You, the youth of our community. Some of whom have been misunderstood, forced to live under inhumane conditions, beaten by police, manipulated by everyone, and then blamed by all. You, the youth of our community are our future leaders and you will get us what we want. And what do we want? Auto determinacion para los Puertorriquenos: self-determination for the Puerto Rican People. And please stop treating our freedom fighters who have martyred their lives for our rights as animals. The Puerto Rican Diaspora Coalition will not tolerate it. If the People of El Salvador can ask for self-determination, if the People of Nicaragua can ask for self-determination, if the People of Ireland can ask for self-determination, if the People of Poland can ask for self-determination, if Black People in America can stand up and demand self-determination, then Puerto Ricans demand self-determination. Y con eso en mente le presento el mejor alcalde en toda la historia de Chicago, Mayor Harold Washington.

Mayor Harold Washington responded, "I agree with everything Cha-Cha said" and vowed publicly to place Hispanics in upper and middle management positions in his new administration. After his speech, the crowd was treated to the free music of Willie Colón. The singer began with "Soy un extranjero en mi propia tierra" ("I am a stranger in my own land"), as a tribute to Cha-Cha.[11] That evening, the event was reported in all local and some national media. The attendees wore the Young Lords buttons for several weeks after the event.

José Cha-Cha Jiménez has given his life to the revolutionary struggle of poor people, people of color, and particularly Puerto Ricans. Now working in Michigan as a gang and youth counselor, he continues to advocate for social change. He still speaks out against the mistreatment of the Puerto Rican Prisoners of War, the military occupation of Vieques, the need for Rainbow Coalition politics, and the displacement of poor communities due to economic development plans. He also continues to share the history of the Young Lords Organization and is a source of knowledge and inspiration for younger people of all backgrounds.

References[edit]

  1. ^ Padilla, Felix. Puerto Rican Chicago. 1987.
  2. ^ Perez, Gina M. The Near Northwest Side Story: Migration, Displacement, and Puerto Rican Families. 2005
  3. ^ Judson Jeffries, “From Gang-bangers to Urban Revolutionaries: The Young Lords of Chicago,” Journal of the Illinois State Historical Society (Autumn 2003)
  4. ^ Frank Browning, “From Rumble to Revolution: The Young Lords” Ramparts (October 1970)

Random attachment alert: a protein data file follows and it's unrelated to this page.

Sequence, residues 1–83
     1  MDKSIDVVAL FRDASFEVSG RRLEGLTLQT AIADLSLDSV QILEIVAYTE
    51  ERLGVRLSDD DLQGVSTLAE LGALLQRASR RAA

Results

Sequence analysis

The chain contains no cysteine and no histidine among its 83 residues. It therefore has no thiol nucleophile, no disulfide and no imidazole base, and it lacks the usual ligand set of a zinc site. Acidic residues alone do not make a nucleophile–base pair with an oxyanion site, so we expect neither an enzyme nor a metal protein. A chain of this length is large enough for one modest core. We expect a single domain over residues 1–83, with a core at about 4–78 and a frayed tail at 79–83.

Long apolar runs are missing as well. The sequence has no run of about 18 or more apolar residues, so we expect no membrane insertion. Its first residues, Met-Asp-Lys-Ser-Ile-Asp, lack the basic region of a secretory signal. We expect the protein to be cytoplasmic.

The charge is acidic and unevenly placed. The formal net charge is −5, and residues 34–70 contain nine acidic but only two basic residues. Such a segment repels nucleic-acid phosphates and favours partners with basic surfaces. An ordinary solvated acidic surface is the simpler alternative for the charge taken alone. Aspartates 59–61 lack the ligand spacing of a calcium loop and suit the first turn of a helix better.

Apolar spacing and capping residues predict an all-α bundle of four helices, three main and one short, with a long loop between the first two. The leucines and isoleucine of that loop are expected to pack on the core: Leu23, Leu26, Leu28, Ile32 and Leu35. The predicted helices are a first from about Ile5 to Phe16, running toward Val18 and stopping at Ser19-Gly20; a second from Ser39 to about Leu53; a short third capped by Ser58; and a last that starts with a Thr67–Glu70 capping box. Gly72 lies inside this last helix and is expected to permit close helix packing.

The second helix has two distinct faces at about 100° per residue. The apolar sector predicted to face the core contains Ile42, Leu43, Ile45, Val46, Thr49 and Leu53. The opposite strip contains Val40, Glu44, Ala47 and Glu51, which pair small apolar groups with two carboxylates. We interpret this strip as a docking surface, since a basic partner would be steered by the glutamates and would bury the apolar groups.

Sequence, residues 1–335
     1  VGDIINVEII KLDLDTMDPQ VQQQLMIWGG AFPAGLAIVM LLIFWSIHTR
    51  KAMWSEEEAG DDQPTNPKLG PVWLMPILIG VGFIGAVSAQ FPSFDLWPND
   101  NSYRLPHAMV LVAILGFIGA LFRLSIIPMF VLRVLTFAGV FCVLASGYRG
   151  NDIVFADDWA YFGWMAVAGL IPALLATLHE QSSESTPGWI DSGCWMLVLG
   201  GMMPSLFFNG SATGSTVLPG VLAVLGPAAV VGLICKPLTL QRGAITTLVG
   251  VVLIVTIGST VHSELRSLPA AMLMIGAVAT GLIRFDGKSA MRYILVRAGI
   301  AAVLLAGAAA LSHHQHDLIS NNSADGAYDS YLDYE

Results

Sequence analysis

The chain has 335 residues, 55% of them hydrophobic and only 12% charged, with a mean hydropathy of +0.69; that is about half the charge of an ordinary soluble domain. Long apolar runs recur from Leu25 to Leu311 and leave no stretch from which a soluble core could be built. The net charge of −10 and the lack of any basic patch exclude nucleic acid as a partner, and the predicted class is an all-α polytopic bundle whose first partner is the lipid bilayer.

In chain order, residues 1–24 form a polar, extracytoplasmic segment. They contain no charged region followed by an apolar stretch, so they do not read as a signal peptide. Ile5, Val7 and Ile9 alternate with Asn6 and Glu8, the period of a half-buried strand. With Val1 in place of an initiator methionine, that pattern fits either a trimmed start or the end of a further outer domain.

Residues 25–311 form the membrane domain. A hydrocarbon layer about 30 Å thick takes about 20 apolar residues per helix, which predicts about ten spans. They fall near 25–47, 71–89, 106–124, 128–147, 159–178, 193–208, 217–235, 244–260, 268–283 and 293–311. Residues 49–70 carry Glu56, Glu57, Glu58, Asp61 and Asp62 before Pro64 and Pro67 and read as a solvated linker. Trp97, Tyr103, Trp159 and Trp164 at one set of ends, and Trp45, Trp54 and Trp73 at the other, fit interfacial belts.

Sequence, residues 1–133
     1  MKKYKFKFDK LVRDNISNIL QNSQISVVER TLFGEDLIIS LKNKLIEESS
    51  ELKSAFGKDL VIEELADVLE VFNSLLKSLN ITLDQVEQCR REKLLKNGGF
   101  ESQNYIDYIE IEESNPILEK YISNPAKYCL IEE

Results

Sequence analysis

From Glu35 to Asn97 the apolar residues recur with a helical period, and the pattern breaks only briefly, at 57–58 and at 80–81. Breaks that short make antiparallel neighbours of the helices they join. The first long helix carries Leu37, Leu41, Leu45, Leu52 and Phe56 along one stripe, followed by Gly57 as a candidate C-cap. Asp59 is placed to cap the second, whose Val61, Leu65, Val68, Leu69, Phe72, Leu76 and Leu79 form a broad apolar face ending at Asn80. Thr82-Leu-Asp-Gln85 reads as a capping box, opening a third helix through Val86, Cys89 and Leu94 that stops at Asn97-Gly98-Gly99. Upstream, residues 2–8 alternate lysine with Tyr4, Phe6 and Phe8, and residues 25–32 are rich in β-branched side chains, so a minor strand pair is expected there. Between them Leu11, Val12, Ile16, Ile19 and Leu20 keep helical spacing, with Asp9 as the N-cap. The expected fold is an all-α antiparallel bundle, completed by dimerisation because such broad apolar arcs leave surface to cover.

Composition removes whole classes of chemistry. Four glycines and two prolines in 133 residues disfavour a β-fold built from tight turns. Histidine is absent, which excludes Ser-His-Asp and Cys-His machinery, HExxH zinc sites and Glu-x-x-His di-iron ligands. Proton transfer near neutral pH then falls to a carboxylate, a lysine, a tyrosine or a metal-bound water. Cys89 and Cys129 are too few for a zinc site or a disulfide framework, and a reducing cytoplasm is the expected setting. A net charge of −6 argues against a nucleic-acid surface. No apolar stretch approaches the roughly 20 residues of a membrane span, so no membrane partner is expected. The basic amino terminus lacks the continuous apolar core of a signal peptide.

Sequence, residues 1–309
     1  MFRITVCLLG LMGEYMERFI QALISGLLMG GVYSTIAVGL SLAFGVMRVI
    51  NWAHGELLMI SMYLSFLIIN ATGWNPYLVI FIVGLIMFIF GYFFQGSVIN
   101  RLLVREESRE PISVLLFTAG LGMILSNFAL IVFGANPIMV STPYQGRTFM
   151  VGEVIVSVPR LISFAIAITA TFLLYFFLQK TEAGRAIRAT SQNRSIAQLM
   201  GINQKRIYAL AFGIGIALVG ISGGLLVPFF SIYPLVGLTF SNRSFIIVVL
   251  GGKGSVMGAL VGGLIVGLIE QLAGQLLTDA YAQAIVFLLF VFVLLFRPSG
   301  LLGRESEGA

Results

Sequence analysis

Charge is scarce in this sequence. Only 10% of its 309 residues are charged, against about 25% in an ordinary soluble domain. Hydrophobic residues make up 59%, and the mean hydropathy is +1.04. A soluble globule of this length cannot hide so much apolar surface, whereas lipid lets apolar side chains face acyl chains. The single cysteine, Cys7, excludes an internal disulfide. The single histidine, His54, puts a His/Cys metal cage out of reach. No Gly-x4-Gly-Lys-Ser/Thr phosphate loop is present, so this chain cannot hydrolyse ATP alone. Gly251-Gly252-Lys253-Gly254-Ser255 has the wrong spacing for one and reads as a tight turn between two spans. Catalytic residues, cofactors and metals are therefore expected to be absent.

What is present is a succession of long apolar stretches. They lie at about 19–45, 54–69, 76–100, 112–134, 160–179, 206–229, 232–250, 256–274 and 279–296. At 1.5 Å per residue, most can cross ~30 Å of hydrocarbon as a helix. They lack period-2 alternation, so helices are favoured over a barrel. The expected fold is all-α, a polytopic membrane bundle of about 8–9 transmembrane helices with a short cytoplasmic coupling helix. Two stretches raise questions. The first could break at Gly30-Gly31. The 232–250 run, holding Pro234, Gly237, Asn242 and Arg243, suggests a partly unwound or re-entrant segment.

5. ^ National Young Lords, "Brief Notes"
  6. ^ Padilla, Felix. Puerto Rican Chicago. Notre Dame: University of Notre Dame Press, 1987
  7. ^ Glenda Sampson, “Lincoln Park: A Community in Crisis” Chicago Today Magazine,” August 3, 1969
  8. ^ Mike Royko, Boss: Richard J. Daley of Chicago, I971
  9. ^ Arnold R. Hirsch, Making the Second Ghetto: Race and Housing in Chicago, 1940-60, 1983
  10. ^ “The Young Lords and Early Chicago Puerto Rican Gangs” an Interview with Mervin Mendez, http://gangresearch.net/ChicagoGangs/latinkings/lkhistory.html
  11. ^ a b c d e f Interview with Cha Cha Jimenez
  12. ^ Lilia Fernandez, Latina/o Migration and Community Formation in Postwar Chicago: Mexicans, Puerto Ricans, Gender and Politics, 1945-1975 (PhD Dissertation:2005)
  13. ^ “Fight at Lincoln Park Meeting” Chicago Today, July 30, 1969
  14. ^ Thomas Dolan, “600 March to Protest Youth’s Death, Chicago Sun Times, May 14, 1969
  15. ^ Johanna Fernandez, “Between Social Service, Reform and Revolutionary Politics: The Young Lords, Late Sixties Radicalism, and Community Organizing in New York City,” in Theoharis, Jeanne and Komozi Woodard, editors. Freedom North: Black Freedom Struggles Outside the South, 1940-1980. 2003
  16. ^ Jon Rice, “The World of the Illinois Panthers,” in Theoharis, Jeanne and Komozi Woodard, editors. Freedom North: Black Freedom Struggles Outside the South, 1940-1980. Palgrave Macmillan, February 2003.
  17. ^ Brian D. Boyer, “Gangs Day Care Center to Open” Chicago Sun Times, August 22, 1969
  18. ^ Jeff Haas, The Assassination of Fred Hampton: How the FBI and the Chicago Police Murdered a Black Panther, 2009
  19. ^ a b Young Lords
  20. ^ “Young Lords’ Jimenez Surrenders” Chicago Sun Times, December 4, 1972
  21. ^ Alice Klement, “Young Lords’ Leader Jimenez Eyeing 1975 Aldermanic seat?” Lerner Newspapers, March 16, 1974

Young Lords

Young Lords in Lincoln Park